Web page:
Facebook Safe Harbour Agreement Invalid
A top legal counsel at the European Court of Justice has said that the Safe Harbor Agreement, used by companies like Facebook, Apple and Google to transfer customer data from Europe to the U.S., is invalid. Reuters

A federal judge has set Jan. 23 for a pretrial conference of parties involved in the giant class-action lawsuit brought against Facebook (NASDAQ:FB) as a result of its controversial May 2012 initial public offering.

U.S. District Court Judge Robert W. Sweet, in Manhattan, who was assigned the consolidated cases by a panel of 11 other federal judges, will preside over the conference and the subsequent trial.

Lawyers had previously said the judges would assign the trial to New York because of proximity to Facebook’s principal underwriters, Morgan Stanley (NYSE: MS), Goldman Sachs (NYSE: GS) and JPMorgan Chase (NYSE: JPM), as well as the court’s familiarity with complex financial matters.

Facebook, of Menlo Park, Calif., had also sought New York to be the venue for the trial, which might have been set for the federal court in San Francisco.

Sweet designated a group of institutional investors including state pension funds from North Carolina as the lead plaintiff, with two other groups claiming negligence by Nasdaq OMX Group (NASDAQ:NDAQ), where Facebook shares are traded.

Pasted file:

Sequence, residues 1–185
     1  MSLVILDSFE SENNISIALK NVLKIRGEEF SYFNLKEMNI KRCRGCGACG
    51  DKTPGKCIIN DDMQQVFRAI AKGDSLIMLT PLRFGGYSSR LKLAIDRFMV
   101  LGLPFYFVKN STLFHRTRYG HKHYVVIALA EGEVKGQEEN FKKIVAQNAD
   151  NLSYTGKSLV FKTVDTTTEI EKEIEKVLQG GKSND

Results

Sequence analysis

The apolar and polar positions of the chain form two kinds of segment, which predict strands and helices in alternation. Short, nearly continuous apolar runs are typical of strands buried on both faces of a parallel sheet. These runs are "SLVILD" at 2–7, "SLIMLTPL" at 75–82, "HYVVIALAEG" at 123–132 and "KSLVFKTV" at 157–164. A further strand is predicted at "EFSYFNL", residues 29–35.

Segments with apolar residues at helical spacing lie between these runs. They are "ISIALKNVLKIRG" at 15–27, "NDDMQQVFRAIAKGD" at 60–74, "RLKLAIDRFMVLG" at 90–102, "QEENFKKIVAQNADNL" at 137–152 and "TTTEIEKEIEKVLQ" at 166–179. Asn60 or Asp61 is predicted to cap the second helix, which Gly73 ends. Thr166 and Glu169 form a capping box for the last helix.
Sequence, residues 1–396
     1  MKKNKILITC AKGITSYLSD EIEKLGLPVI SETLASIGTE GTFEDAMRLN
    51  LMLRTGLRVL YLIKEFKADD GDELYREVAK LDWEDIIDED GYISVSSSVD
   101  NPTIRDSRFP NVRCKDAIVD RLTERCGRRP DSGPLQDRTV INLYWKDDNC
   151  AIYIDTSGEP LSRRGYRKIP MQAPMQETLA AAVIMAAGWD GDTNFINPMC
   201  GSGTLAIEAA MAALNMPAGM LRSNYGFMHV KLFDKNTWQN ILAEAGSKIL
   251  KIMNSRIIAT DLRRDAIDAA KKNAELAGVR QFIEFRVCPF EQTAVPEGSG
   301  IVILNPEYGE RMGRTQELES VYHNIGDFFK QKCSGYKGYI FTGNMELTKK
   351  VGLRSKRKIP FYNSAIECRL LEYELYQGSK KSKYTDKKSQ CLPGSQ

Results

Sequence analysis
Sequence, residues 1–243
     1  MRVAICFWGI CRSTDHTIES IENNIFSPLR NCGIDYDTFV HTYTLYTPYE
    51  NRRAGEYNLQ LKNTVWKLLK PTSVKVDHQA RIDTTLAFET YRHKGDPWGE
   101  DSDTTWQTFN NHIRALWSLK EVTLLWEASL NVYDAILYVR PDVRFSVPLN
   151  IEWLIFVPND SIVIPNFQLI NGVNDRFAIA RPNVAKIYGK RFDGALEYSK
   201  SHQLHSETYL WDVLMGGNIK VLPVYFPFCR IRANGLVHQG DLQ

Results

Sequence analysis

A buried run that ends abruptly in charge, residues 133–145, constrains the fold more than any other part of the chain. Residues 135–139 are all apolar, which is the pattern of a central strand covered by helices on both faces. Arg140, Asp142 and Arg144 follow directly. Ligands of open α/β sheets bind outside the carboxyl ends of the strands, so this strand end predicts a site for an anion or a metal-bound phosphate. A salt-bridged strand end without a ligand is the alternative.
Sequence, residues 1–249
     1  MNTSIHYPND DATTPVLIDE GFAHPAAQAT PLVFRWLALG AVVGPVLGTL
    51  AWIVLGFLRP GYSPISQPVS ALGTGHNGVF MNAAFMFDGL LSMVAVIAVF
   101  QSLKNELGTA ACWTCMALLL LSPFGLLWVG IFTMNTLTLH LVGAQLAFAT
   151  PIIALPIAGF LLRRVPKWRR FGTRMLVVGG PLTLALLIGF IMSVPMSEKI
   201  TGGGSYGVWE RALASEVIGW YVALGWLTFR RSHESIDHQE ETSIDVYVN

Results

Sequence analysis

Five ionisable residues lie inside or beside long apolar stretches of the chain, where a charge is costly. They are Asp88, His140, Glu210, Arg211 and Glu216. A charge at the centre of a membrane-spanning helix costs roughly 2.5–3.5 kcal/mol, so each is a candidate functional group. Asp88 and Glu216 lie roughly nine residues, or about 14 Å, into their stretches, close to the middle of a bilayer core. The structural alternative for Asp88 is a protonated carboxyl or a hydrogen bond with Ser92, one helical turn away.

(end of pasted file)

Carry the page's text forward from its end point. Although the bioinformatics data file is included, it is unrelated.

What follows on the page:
Facebook has denied all charges and will likely have to make available its principals, including CEO Mark Zuckerberg and CFO David Ebersman, for pretrial examination as well as appearances. The plaintiffs allege the underwriters sold IPO shares knowing the company would report lower-than-expected revenue growth and earnings following the IPO, without making that knowledge available to all investors.

Last month, Massachusetts fined Morgan Stanley $5 million for improper supervision of its research analysts, two months after the state fined Citibank (NYSE:C) $2 million for improperly supervising the analyst covering Facebook, who was fired.

Shares of Facebook, priced at $38 in the IPO on May 17, closed at $28, up $1.38 on Wednesday. They traded as low as $17.55 in early September.